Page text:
I think we’ll have to wait and see to see how the policy actually plays out, but Twitter’s actions demonstrate a commitment to free speech and openness so it should have gotten the benefit of the doubt. For whatever reason, the story just spiraled and took on a life of its own.

[For my money, one of the best stories on this was from Al Jazeera, which raises the fundamental question of what Twitter's policy is exactly: "Making sense of Twitter's censorship."]

Other posts worth checking out:

* Twitter’s initial blog post which wasn’t crystal clear on the issue: “Tweets still must flow.”

* Lauren Weinstein: “Twitter’s censorship muddle.”

* Inforrm’s Blog: “Legal questions about Twitter ‘censorship’ and country-specific content control – Judith Townend

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Eric’s Addendum

To see if we could get our own answers to these unresolved points, Venkat and I took our questions to Alex Macgillivray, and he generously responded to us. Our exchange:

Our Q: What types of takedown notices will be sufficient to get Twitter to take down a post? Court order? Government demand without a court order? Private demand without a court order? (I believe 512(c)(3) takedown notices already work). Others? Does it vary by country?

Alex’s answer: “We do analysis of each complaint. For example, even a 512(c)(3) request does not necessarily lead to a removal.”

Comment: I infer this means takedown demands are evaluated on a case-by-case basis. If Twitter does not have hard-and-fast rules about takedown demands that clearly work or clearly don’t, that would explain why other media outlets weren’t precise on this point.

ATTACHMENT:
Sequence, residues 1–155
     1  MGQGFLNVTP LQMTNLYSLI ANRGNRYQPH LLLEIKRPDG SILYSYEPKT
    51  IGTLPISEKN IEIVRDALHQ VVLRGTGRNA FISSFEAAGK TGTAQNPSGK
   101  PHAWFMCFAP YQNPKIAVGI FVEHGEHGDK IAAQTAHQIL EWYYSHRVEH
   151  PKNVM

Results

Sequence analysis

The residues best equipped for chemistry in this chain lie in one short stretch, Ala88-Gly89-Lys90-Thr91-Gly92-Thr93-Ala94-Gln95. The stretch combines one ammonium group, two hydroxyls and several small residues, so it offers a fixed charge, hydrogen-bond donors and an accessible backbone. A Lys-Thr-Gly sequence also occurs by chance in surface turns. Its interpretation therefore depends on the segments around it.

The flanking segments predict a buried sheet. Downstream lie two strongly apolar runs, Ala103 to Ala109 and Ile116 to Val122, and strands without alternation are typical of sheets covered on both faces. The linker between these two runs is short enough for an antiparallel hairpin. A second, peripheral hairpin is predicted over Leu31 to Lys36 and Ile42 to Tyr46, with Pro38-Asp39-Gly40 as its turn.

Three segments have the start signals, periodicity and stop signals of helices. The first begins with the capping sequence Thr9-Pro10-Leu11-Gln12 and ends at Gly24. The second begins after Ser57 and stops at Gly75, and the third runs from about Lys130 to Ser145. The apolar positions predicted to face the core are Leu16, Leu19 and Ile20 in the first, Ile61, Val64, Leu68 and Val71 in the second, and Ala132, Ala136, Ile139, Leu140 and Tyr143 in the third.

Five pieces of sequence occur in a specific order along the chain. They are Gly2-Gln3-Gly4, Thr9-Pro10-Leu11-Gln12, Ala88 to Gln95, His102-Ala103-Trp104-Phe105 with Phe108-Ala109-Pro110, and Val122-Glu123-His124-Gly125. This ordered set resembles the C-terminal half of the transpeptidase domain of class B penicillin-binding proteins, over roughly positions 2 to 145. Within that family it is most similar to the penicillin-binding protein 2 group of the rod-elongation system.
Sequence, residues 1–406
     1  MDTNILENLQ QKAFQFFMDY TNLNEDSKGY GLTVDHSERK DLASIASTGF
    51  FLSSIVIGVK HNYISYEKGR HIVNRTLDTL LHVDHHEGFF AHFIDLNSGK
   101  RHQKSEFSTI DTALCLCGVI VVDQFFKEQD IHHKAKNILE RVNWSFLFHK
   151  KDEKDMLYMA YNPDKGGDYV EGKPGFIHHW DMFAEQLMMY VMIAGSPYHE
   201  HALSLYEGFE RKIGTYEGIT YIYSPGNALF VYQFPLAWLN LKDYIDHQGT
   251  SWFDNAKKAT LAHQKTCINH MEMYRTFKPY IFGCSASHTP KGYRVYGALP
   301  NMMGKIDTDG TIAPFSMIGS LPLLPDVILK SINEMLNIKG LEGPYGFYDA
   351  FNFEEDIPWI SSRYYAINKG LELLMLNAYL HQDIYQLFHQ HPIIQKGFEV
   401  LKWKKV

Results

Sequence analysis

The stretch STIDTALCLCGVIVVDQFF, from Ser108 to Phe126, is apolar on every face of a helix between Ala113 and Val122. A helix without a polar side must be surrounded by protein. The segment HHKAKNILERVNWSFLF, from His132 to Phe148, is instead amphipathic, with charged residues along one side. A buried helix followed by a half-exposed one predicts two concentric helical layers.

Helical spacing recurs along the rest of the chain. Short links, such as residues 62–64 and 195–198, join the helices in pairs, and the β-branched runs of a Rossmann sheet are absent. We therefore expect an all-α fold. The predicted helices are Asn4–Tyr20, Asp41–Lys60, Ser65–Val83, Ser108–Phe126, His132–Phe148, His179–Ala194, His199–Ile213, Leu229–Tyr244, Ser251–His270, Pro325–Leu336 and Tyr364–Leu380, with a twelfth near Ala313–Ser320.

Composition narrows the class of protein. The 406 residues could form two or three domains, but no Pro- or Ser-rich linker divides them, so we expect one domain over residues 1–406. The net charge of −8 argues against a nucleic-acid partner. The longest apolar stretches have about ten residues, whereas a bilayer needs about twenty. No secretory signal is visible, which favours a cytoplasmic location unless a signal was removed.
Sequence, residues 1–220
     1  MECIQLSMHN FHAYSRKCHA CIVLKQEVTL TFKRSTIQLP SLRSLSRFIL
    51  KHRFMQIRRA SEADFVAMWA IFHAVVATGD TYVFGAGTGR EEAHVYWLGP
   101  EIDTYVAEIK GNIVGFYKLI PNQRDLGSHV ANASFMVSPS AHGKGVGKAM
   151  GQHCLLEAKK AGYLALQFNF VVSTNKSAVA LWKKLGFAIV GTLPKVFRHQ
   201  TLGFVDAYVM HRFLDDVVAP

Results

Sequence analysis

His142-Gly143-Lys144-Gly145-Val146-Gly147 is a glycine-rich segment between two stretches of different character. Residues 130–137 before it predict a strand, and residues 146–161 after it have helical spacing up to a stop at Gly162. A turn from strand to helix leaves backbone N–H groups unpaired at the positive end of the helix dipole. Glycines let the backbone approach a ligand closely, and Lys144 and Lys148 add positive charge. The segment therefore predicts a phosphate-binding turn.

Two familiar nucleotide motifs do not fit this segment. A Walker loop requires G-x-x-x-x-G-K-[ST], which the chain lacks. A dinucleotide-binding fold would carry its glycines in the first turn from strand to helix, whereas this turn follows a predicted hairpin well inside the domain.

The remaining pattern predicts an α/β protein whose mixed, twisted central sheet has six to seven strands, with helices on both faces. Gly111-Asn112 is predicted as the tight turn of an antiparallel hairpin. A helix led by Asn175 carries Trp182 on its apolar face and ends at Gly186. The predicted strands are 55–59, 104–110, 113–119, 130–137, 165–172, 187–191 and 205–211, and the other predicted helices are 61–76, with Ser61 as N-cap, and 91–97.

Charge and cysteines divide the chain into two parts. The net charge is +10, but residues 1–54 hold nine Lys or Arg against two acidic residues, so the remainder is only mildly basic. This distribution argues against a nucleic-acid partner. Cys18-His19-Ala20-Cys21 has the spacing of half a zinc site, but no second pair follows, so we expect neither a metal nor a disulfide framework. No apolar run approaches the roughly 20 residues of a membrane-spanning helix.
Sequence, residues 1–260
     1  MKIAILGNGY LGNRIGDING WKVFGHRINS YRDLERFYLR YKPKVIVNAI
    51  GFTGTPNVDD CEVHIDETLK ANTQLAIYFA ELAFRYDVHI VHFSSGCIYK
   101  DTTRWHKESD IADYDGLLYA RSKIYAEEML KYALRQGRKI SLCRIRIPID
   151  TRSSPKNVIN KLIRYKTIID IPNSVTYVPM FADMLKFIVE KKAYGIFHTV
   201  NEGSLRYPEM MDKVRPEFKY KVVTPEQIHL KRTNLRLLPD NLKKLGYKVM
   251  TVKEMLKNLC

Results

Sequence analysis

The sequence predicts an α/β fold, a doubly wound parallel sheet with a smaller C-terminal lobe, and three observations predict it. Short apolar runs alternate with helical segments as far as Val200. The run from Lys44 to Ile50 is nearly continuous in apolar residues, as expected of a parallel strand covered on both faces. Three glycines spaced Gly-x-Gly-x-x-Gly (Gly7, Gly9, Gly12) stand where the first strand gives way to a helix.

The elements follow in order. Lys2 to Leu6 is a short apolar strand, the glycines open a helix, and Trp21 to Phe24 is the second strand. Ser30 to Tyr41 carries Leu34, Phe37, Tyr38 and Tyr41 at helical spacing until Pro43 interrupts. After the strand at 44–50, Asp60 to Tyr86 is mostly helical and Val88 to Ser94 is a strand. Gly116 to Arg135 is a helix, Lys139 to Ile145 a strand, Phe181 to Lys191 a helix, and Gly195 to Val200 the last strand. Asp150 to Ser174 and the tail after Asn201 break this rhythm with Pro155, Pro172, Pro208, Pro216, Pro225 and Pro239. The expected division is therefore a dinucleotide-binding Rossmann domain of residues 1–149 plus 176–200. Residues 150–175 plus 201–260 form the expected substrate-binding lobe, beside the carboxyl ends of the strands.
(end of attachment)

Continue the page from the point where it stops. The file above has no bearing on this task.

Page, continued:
Our Q: Will Twitter take down posts only in countries where it has a physical presence, or will it remove content from countries even where it doesn’t have a physical presence?

Alex’s answer: “Again, would depend on the requests. For example, a child pornography complaint, even from a user in China, might result in a global removal even though we are not responding in general to requests from China

and are still blocked there.”

Comment: child porn is an extreme “test case” because of its toxicity, so I’m still not clear on what happens with less toxic content. I similarly infer everything is done on a case-by-case basis, which would also explain the muddled media coverage.

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Eric’s Comments

It appears Twitter thought its announcement was good news. Instead of having to remove a tweet from its database entirely, Twitter will now remove tweets only from one country’s database. This leaves the tweet up for the rest of the world, and it makes it trivially easy for people in the affected country to get the tweet if they care. Furthermore, the tweet won’t vanish; instead, it will be a “noisy withdrawal” by leaving a note that says the tweet was removed. Plus, Twitter will turn over the takedown demand to ChillingEffects, allowing interested folks to monitor the activity and find out what happened. In a world filled with irrepressible censorious impulses, Twitter’s policies were designed to make the best of a bad situation.

So how did the messaging, and the community response, go so far wrong? Twitter ran into a small but vocal minority that believe that catering to foreign governments’ censorious requests is wrong. I discussed this issue in some detail in connection with Google and China. As I wrote in connection with that situation:

what should a US service provider do when trying to expand internationally? It has a few options, none of them particularly attractive:

* It can skip unreasonably censorious markets altogether, like Google proposes to do in China.

* It can comply with local laws, even though that runs counter to US laws and norms.

* It can ignore local laws, which is typically not a successful plan. In extreme cases, it can lead to local company executives going to jail.

* It can try to change the local country’s laws to be more like ours, either through direct advocacy or by asking the US government to pressure the local government. We routinely use trade negotiations to do this; for example, we have successfully exported our copyright laws this way. But countries usually aren’t thrilled to have the US tell them what their laws should be.